The Love of Lanceros
The long, thin cigars are making a comeback among true connoisseurs
From the Print Edition:
Kevin Costner, July/August 2008
A paradox exists in the cigar world right now. Retailers are reporting the immense popularity of hefty cigars, some of which are nearly one inch thick. The robusto remains the most popular size on the market, and cigarmakers continue to release fat sizes. But despite the consumer clamor for heft, an increasing number of non-Cuban cigar manufacturers are adding slim, elegant lanceros to their size portfolios. Recently, new lanceros from Coronado by La Flor, Oliva, Davidoff, Joya de Nicaragua, Alec Bradley, Illusione, Padilla, Toraño, Cuvée, Gran Habano, Nestor Miranda and 601 have either hit the market or have been announced as new sizes. The lancero may be one of the slower sellers in the American market, but it's taking on a cult following. True cigar aficionados are choosing them as exciting, different smokes.
"It's the best size that I make," says Carlos (Carlito) Fuente Jr., who is sometimes seen smoking the long, thin versions of his Fuente Fuente OpusX or Arturo Fuente Don Carlos cigars.
"Love lanceros," says Pete Johnson, creator of the Tatuaje brand. "They were part of my original six brown-label sizes five years ago. I was making this in early 2003 when everyone was running from them, except maybe Carlito."
When asked what kind of customer buys a lancero, Michael Herklots, general manager of the Davidoff shop in Columbus Circle in New York City, answered, "An educated one. A confident one. A lancero smoker is the same type of customer who buys a Schrader RBS Cabernet—he doesn't need a trophy that other people recognize as great. He or she knows it's great, and that's enough."
The standard Cuban measurement for a lancero is 7 1/2 inches long by 38 ring gauge, but those made outside of Cuba can be a bit shorter and somewhat fatter. Most cigars with the name are finished with a signature flag cap, the pigtail that can be anything from a mere stub to a strip of leaf approaching an inch in length. When rated by Cigar Aficionado, lanceros fall under the panetela category, which comprises thin cigars. All lanceros are panetelas, but only gran (or long) panetelas are lanceros.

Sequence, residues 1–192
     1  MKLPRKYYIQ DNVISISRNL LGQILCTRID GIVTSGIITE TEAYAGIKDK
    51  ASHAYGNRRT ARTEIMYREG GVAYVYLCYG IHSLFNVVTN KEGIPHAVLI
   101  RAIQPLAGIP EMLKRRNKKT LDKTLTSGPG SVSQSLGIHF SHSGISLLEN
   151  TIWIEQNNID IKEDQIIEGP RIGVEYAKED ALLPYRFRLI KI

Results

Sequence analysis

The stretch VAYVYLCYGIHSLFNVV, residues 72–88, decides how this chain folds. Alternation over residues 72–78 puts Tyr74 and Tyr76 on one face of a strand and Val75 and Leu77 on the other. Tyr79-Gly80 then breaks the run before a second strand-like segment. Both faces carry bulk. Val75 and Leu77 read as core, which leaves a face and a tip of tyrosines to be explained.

Thin cigars have always been part of the Cuban cigar portfolio, but the lancero is a relatively new size. It was first rolled at El Laguito in the 1960s with the creation of the Cohiba brand. "The lancero came out of Cuba—before Cohiba there were no lanceros," said General Cigar's Benjamin Menendez, whose father, Alonso, co-owned the H. Upmann factory in Havana. Fidel Castro is "the father of the size," says Cigar Aficionado European editor James Suckling, an avowed lover of lanceros and an expert on the cigars of Cuba.
The lancero, known as an El Laguito No. 1 in a Cuban cigar factory, is visually striking, its length exacerbated by the cigar's unusual lack of girth. Lancero means lancer in Spanish, and the size is evocative of the long weapons wielded by horse-mounted knights of the Middle Ages. More specifically, one might even recall the lance held by Don Quixote in the Cervantes novel.
Many lanceros have traditionally been difficult finds—or impossible to buy through normal retail channels. The first, the Cohiba Lancero, was only for Castro when it was first created, and when the Cohiba brand became commercially available, Castro cast another cigar mystique with the diplomatic Trinidad, a cigar the same size as a Cohiba Lancero, and available only as a gift of the Cuban government. (In 1998, the Trinidad Fundadore made its ceremonious commercial debut, at a slightly thicker girth, 40 ring gauge, and was instantly recognized as the new gold standard for lanceros.)
After Cohiba, the Cuban Davidoff was the first cigar brand to adopt the lancero size into its portfolio with the introduction of the Davidoff No. 1. When the Davidoff brand left Cuba for the Dominican Republic, it continued offering lancero shapes, and for years was one of the few non-Cuban cigars with a lancero as part of the brand.
Ironically, as American consumers are presented with an increasing number of lancero choices, the Cuban cigar industry is cutting back its thin-cigar selection. Suckling says that the Cubans are rolling mostly Montecristo Especiales, Cohiba Lanceros and Trinidad Fundadores, while El Rey del Mundo Grandes de España, Bolivar Especiales No. 2, Diplomaticos No. 6, Montecristo No. 7 and many other forgotten thin sizes have all been among Cuba's cigar casualties over the last few decades.
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